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A Catholic high school in Belgium has  allegedly said it is “proud” of an outgoing teacher who received a cash prize at the Iranian Holocaust Cartoon competition.

Luc Descheemaeker, who has just retired from the Sint-Jozefs Institute high school, was awarded and accepted a “special prize” at the Second International Cartoon Contest. His submission included the words “Arbeit Macht Frei”, which were originally cast above the entrance to Auschwitz, over a wall with barbed wire, meant to resemble the Israeli West Bank Barrier and drawing a comparison between Israeli policy and the Holocaust. Such a comparison is considered antisemitic under the EUMC working definition of antisemitism.

UNESCO has condemned the competition as an attempt at “at a mockery of the genocide of the Jewish people, a tragic page of humanity’s history”.

In a (presumably sarcastic) letter from a Belgian-Jewish organisation which asked whether the school was “proud” of their teacher’s participation in such an event, a faculty member replied “We are indeed very proud to have Luc associated with our school. His talent is of great value for the artistic education of our students!”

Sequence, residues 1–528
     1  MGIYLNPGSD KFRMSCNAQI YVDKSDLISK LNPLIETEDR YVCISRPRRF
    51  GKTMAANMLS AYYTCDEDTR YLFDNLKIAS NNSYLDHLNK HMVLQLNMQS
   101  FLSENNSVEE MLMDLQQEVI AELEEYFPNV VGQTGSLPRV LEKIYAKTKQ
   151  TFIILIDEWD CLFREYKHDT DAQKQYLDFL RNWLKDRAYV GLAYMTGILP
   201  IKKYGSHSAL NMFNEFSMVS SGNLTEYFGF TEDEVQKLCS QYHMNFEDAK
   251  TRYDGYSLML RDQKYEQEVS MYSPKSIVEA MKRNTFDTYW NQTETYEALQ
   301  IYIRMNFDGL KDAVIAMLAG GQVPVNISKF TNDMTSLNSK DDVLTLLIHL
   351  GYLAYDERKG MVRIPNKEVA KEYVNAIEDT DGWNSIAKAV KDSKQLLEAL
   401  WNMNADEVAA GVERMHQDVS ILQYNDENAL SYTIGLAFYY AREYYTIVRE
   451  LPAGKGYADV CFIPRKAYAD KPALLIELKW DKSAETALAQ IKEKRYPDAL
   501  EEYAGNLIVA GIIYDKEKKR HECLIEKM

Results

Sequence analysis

When the school was asked more directly about the award, school director Paul Vanthournout said that the “consideration of it as anti-Semitic is exaggerated”, this despite the fact that the cartoon clearly falls foul of the EUMC definition of antisemitism. He also worryingly mentioned that Descheemaeker had been in charge of some Holocaust education in the school.


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SOURCEJewish Telegraphic Agency
Daniel Leons-Marder is the editor of Everyday Antisemitism. He first became involved with Campaign Against Antisemitism when he became aware of Holocaust denial books being sold by Amazon. He graduated in Summer 2016 with First Class Honours and as Dux Litterarum in Comparative Literature and Philosophy from Royal Holloway. He is currently at law school. He was previously a recording and touring musician.